• Implement a two-tier session system with two states—one for a short period immediately after a user logs in, and another that keeps users logged in but with a lower access level. Users can access less-secure areas for a longer period of time, but when trying to access more privileged areas, the user must authenticate again. A new session is created with privileged access for a short period of time and then degrades to a low-level session again.
  • Secure the cookies. Secure cookies are a type of HTTP cookie that has secure attribute set. This limits the scope of the cookie to “secure” channels. For example, web browsers include secure cookies only when a request is made over an HTTPS connection and not on the HTTP connection.
  • Use HTTPS over the entire site and not just for login and registration pages. If one must set up HTTPS, then the cookie should be set as secure. This will stop the cookie from being sent unless it is part of an HTTPS request. It prevents situations where insecure content from the same domain is sent over HTTP along with the session ID.

In addition to the above, extra measures need to be taken to avoid session hijacking attacks by binding the session to various user information such as the IP address, location information, or user agent. Since the information typically does not change in mid-use, these tactics can be used as a way to check if the session or account has been hijacked.

Secure Sockets Layer (SSL) Hijacking and Man-in-the-Middle Attacks 

For proper security, cryptography needs authentication. In the context of secure sockets layer/transport layer security (SSL/TLS), certificates are used for authentication. When attempting to connect to a particular hostname in the browser, the expectation is that the server will present a certificate that proves it has the right to handle traffic for that hostname. If the user receives an invalid certificate, the right thing to do is to abandon the connection attempt as part of the SSL/TLS handshake. Unfortunately, browsers do not do so. Because the web is full of invalid certificates, it is almost guaranteed that none of the invalid certificates a user encounters will be the result of an attack. Thus, web browsers do not enforce SSL security as part of the SSL handshake. Instead, browsers issue a certificate warning. If the user ignores the certificate warning, it can potentially result in a man-in-the-middle attack.

In mobile applications, a man-in-the-middle attack can be prevented with certificate pinning. This will prevent a data breach caused by the man-in-the-middle attack due to SSL/TLS hijacking. At the beginning of the SSL/TLS session, the client sends a “ClientHello” message. This indicates to the server that the client intends to begin an SSL/TLS communication. The client tells what cryptographic and compression algorithm to use and which SS/TLSL version it supports. The server responds with a “ServerHello” message that contains equivalent information that is present in the client's hello. Thus, both the client and server establish the version and algorithms to be used.

The server sends its certificate to the client, and if the server wants the client to authenticate itself, then it will send a request for the client’s certificate. The identity of the certificate is established using the certificate authority (CA) model. Unfortunately, this may result in the CA being compromised, and it is difficult to determine whether a remote system is operated by the correct party, even when the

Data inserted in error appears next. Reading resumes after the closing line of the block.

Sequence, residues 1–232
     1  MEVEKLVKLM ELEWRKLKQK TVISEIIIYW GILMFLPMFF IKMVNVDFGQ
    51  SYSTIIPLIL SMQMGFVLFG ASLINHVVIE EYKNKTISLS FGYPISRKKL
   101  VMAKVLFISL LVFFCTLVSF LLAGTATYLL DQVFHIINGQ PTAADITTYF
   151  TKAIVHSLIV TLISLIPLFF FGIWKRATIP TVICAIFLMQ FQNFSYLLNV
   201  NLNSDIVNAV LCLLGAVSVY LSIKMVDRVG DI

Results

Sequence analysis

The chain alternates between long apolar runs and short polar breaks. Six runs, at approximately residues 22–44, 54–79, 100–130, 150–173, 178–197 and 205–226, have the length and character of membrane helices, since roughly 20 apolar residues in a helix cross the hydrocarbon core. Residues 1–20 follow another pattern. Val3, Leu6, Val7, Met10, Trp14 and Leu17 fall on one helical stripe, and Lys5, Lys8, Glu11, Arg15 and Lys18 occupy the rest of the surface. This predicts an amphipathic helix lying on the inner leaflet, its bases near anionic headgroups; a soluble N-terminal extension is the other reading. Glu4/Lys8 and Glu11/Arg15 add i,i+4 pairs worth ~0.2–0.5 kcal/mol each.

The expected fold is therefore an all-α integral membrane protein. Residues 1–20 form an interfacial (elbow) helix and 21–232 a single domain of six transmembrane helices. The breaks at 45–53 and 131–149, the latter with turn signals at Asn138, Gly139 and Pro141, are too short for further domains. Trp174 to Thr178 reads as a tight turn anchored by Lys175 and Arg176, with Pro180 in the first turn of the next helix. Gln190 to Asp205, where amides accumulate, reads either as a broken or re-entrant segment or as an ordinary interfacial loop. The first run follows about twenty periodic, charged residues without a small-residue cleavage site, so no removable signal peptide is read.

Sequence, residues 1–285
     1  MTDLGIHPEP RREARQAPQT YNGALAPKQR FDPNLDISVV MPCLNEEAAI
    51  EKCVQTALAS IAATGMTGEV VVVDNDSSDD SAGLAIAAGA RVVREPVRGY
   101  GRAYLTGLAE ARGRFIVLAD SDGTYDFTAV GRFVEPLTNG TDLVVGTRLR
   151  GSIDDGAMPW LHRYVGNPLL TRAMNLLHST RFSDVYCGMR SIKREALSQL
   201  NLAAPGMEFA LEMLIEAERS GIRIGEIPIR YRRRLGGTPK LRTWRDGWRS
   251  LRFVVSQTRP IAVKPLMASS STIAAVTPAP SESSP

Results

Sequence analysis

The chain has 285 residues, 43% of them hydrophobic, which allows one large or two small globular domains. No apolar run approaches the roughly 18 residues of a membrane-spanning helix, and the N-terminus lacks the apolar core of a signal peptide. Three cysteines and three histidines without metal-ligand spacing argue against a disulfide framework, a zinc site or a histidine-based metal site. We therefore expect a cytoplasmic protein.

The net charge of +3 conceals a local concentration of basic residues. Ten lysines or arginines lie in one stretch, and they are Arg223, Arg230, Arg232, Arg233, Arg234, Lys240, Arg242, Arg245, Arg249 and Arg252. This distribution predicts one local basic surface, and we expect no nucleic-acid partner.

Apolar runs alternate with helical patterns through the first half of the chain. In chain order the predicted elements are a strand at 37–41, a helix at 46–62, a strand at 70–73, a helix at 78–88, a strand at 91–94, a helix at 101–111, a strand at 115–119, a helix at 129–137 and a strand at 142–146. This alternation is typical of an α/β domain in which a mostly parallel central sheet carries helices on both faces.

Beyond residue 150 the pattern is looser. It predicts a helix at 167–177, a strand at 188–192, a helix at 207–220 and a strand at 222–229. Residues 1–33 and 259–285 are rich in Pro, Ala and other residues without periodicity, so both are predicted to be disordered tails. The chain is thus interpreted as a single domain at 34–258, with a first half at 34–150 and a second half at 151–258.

authenticated certificate is presented. In applications, developers control both the client and the server software involved in the construction of the SSL/TLS channel. Therefore, the exact certificate the application expects to see can be set up. The CA signed certificates can be eliminated, and identities that the developer notarizes can be distributed. This is called pinning the certificate. 

Other SSL Man-in-the-Middle Attack Methods

Other man-in-the-middle attack methods related to SSL/TLS include:

  • Exploitation of validation vulnerabilities. This man-in-the-middle attack uses a bug in the client when validating the credentials presented during the SSL/TLS handshake. If the validation is not implemented correctly, a bad actor can use a special invalid certificate or a certificate chain that cannot be distinguished from a valid one. 
  • Rogue certificates. Rogue certificates are fraudulent CA certificates that are accepted by clients as genuine. They are difficult to obtain, but they are still a possibility. 
  • Self-signed certificates. This attack presents the victim with a self-signed certificate that has most fields copied from the real one. Such a certificate is bound to generate a warning, but users are generally known to click through such warnings.

How to Prevent Man-in-the-Middle Attacks

Traditionally, static and dynamic vulnerability scanners have been used to detect vulnerabilities that are exploited during a man-in-the-middle attack. However, static and dynamic scanners simply cannot scale to support the requirements of modern software—whether in development or production. They lack the requisite accuracy, instead generating a huge number of false positives and false negatives. The reports they produce require significant time to triage, diagnose, and remediate. Finally, specialized skills and staff are required to manage the scans and review the reports. Security professionals with these skill sets often hard to recruit and retain

A different approach is required to uncover SSL/TLS vulnerabilities in applications that lead to man-in-the-middle attacks—one that embeds security instrumentation within the software. Interactive application security testing (IAST) enables security teams to shift left for security testing and to automate detection of vulnerabilities. Real-time analysis of results and virtual elimination of false positives and false negatives make IAST more suitable for detecting and mitigating vulnerabilities. IAST can be made part of the continuous integration/continuous deployment (CI/CD) pipeline and can be automated. Also, the process can be integrated with an issue-tracking system like Jira and other development and QA tools.